Wireless InSite’s Communication System Analyzer provides capabilities for assessing the performance of LTE, WiMAX, 802.11n, and 802.11ac systems. These systems can contain multiple transmitters and receiver sets. Users can adjust the noise and interference levels in the scene and generate useful performance metrics such as throughput, throughput cutoff, and capacity.
The following example investigates WiFi throughput coverage in a house provided by 802.11ac routers operating at 5 GHz using an 80 MHz bandwidth. The geometry for the house was imported from a CAD file and a flat terrain was placed underneath the house.
The WiFi routers are modeled as transmitters using short dipole antennas with input powers of 7 dBm. The routers are located on the first and second floors of the house as shown in Figure 1.
Receiver grids covering the first and second floors were added to capture the behavior of the signal throughout the scene. The receivers use vertically polarized short dipole antennas and are shown in Figure 2.
The general propagation calculations for the project were made with the X3D model using three reflections, three transmissions, and one diffraction.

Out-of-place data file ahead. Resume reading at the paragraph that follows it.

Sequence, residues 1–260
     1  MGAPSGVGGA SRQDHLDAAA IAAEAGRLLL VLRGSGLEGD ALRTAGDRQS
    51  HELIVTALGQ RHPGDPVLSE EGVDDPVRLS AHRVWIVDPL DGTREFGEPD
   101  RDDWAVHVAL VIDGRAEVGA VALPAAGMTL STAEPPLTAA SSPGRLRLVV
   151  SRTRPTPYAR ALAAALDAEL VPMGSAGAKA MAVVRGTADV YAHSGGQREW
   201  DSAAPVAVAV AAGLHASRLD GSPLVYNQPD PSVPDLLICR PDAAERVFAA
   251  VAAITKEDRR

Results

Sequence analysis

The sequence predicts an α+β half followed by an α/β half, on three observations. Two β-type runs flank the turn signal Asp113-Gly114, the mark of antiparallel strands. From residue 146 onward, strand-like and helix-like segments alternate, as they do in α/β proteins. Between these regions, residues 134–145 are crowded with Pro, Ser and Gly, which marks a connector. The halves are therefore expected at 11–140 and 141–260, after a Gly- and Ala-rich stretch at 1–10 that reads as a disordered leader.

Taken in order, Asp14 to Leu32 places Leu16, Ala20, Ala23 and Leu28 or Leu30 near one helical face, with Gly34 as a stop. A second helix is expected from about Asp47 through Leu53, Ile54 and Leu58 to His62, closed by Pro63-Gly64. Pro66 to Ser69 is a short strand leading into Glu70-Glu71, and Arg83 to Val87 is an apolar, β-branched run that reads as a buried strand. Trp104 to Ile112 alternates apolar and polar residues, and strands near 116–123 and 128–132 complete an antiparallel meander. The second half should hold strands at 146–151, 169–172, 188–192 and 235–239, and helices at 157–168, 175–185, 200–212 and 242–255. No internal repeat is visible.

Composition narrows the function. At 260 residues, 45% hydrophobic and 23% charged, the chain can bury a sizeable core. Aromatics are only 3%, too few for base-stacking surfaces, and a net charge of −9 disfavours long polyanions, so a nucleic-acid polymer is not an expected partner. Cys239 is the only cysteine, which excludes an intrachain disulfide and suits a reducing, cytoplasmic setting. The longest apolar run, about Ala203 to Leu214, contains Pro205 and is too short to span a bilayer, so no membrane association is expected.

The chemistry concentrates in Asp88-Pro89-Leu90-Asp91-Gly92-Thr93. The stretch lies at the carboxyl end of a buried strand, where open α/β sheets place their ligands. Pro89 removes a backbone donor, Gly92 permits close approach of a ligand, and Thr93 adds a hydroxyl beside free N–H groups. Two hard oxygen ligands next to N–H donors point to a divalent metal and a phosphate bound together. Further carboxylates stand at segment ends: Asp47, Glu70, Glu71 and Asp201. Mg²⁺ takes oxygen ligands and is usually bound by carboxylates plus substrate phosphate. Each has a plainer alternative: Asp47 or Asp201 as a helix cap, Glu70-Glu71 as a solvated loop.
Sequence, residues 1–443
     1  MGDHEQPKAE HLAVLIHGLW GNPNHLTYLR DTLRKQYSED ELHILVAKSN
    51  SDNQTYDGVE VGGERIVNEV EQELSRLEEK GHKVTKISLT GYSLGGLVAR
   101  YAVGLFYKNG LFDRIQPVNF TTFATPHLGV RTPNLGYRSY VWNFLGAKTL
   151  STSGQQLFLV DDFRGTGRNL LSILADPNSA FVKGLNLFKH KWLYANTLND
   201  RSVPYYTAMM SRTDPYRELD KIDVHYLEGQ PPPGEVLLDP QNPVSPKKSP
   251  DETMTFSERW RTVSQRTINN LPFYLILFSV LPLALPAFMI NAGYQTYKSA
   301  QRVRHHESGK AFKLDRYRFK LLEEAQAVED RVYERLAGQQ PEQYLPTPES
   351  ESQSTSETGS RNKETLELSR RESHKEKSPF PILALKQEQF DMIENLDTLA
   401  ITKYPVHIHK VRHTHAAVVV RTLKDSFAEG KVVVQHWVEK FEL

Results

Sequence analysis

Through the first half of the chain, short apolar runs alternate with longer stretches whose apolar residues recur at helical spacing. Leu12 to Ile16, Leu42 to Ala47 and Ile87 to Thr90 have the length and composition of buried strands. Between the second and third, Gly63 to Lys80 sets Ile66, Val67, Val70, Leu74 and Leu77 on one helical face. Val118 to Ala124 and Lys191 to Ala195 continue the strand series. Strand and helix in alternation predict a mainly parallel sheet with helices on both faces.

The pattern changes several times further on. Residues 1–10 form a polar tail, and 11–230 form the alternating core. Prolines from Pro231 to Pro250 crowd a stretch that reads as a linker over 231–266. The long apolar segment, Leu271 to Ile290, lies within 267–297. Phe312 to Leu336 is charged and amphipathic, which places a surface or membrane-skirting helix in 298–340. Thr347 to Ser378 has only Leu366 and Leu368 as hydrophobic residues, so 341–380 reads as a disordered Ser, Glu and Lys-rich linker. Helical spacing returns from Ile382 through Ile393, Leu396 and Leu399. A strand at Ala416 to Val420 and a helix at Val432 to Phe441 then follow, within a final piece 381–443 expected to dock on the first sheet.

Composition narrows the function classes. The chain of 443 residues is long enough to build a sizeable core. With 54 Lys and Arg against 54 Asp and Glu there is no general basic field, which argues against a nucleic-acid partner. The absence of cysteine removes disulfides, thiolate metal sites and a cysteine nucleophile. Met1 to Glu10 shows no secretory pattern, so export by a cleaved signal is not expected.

Communication System Definition
Throughput is a post-processed output generated by adding a communication system to a project using New > Communication System. Projects can contain multiple communication systems, making it simple to investigate different configurations of transmitter and receiver or protocols.
To calculate throughput in the house, both transmitters were designated as base stations and all receiver sets were selected to be included in the analysis. After setting the Analysis Type to “Throughput,” the Wireless Access Method was set to 802.11ac and bandwidth set to 80 MHz. The defaults for the Interference and Noise were accepted. Number of Data Streams was left at 1. The Number of Data Streams setting is available for 802.11n and 802.11ac protocols and can be used to estimate the throughput of MIMO systems based on the SISO simulation results.
When communication systems contain multiple transmitters, receivers will establish a link with a single transmitter based on the setting of the “Select Transmitter Based On:” field. For this analysis, “Highest Power” is used as the decision criteria, so an individual receiver will compare the received power from each active transmitter and link to the transmitter providing the highest received power.
Running Communication Systems Analysis
Communication System Analysis calculations automatically run for each active study area directly following the propagation model calculation. Alternatively, the analysis can also be run separately using the Calculation > Comm System Analysis run option once initial propagation simulation results are available.
After the Communication System Analysis completes, outputs from the analysis are available for viewing and plotting. The communication results are located in a subfolder under the study area as shown in Figure 4.